Cardiorespiratory fitness modifies influence of sleep problems on cerebrospinal fluid biomarkers in an at-risk cohort


Law LL, Sprecher KE, Dougherty RJ, Edwards DF, Koscik RL, Gallagher CL, Carlsson CM, Zetterberg H, Blennow K, Asthana S, Sager MA, Hermann BP, Johnson SC, Cook DB, Bendlin BB, Okonkwo OC

J Alzheimers Dis. 2019 Apr 1. doi: 10.3233/JAD-180291. [Epub ahead of print]

Abstract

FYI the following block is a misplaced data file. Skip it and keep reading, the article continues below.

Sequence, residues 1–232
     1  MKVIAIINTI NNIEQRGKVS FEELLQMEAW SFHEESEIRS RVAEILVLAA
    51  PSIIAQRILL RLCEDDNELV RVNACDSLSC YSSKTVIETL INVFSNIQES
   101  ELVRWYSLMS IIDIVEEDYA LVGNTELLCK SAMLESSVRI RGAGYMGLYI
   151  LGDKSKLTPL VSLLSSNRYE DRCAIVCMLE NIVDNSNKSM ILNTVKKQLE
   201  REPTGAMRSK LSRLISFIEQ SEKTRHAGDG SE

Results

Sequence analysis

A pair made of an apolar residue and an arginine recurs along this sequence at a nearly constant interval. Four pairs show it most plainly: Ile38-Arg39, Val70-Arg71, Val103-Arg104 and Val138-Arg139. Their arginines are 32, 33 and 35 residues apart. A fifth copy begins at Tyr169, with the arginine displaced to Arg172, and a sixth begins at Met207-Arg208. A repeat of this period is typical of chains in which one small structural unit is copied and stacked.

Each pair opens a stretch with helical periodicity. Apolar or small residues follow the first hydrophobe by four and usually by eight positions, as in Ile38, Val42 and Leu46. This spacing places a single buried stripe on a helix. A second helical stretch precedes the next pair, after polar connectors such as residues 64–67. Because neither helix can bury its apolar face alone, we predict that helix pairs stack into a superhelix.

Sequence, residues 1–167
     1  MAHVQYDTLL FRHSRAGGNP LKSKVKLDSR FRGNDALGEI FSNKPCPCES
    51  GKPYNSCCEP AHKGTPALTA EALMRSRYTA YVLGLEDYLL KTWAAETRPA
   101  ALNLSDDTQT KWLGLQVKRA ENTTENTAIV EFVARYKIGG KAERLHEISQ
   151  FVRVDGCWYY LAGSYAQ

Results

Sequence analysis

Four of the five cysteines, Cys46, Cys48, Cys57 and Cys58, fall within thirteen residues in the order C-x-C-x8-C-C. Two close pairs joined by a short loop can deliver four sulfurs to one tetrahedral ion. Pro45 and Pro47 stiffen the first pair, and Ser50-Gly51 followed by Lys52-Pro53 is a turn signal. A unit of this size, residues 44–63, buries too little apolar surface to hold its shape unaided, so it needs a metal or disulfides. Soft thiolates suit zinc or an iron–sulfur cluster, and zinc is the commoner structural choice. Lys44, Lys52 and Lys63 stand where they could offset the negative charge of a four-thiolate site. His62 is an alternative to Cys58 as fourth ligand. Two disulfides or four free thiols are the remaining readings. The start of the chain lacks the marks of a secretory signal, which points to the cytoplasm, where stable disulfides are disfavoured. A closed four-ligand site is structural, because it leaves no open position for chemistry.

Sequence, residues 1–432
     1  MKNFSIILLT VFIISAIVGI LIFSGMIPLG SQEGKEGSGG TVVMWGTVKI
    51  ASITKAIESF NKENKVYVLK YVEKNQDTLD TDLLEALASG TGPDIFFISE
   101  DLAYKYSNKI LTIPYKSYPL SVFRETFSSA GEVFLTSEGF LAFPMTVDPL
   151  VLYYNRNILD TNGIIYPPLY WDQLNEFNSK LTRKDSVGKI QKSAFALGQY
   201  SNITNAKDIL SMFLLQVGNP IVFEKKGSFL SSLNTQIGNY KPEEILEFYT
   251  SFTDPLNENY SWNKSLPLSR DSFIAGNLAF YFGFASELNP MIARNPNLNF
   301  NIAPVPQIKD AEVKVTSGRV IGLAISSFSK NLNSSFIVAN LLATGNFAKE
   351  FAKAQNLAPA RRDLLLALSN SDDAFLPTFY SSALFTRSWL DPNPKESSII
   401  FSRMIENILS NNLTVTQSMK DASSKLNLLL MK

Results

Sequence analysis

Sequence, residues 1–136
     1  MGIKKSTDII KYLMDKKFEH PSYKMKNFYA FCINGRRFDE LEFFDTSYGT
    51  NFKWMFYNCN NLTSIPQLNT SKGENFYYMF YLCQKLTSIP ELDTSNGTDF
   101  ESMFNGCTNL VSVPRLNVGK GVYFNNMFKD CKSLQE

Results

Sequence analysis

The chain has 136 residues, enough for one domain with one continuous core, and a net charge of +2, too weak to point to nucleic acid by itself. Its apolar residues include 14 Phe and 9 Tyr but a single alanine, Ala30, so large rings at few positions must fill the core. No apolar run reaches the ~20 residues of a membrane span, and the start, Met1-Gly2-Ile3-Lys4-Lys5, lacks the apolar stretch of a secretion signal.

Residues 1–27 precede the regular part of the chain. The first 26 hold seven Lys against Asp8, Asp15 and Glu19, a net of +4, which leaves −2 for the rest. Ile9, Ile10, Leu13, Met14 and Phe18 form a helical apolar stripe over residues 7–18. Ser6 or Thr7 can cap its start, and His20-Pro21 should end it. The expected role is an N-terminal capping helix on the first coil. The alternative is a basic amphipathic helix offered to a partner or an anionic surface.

BACKGROUND: Previous studies indicate that cardiorespiratory fitness (CRF) and sleep are each favorably associated with Alzheimer's disease (AD) pathophysiology, including reduced amyloid-β (Aβ) and tau pathology. However, few studies have examined CRF and sleep in the same analysis. OBJECTIVE: To examine the relationship between sleep and core AD cerebrospinal fluid (CSF) biomarkers among at-risk healthy late-middle-aged adults and determine whether CRF modifies this association. METHODS:Seventy-four adults (age = 64.38±5.48, 68.9% female) from the Wisconsin Registry for Alzheimer's Prevention participated. Sleep was evaluated using the Medical Outcomes Study Sleep Scale, specifically the Sleep Problems Index I (SPI), which incorporates domains of sleep disturbance, somnolence, sleep adequacy, and shortness of breath. Higher scores indicate greater sleep problems. To assess CRF, participants underwent a graded exercise test. CSF was collected via lumbar puncture, from which Aβ42, total-tau (t-tau), and phosphorylated-tau (p-tau) were immunoassayed. Regression analyses examined the association between SPI and CSF biomarkers, and the interaction between SPI and CRF on these same biomarkers, adjusting for relevant covariates. RESULTS: Higher SPI scores were associated with greater p-tau (p = 0.027) and higher t-tau/Aβ42 (p = 0.021) and p-tau/Aβ42 (p = 0.009) ratios. Analyses revealed significant SPI*CRF interactions for t-tau (p = 0.016), p-tau (p = 0.008), and p-tau/Aβ42 (p = 0.041); with a trend for t-tau/Aβ42 (p = 0.061). Specifically, the relationship between poorer sleep and these biomarkers was significant among less fit individuals, but not among those who were more fit. CONCLUSION: In a late-middle-aged at-risk cohort, CRF attenuated the association between poor sleep and levels of select CSF biomarkers. This suggests fitness may play an important role in preventing AD by protecting against pathology, even in impaired sleep.

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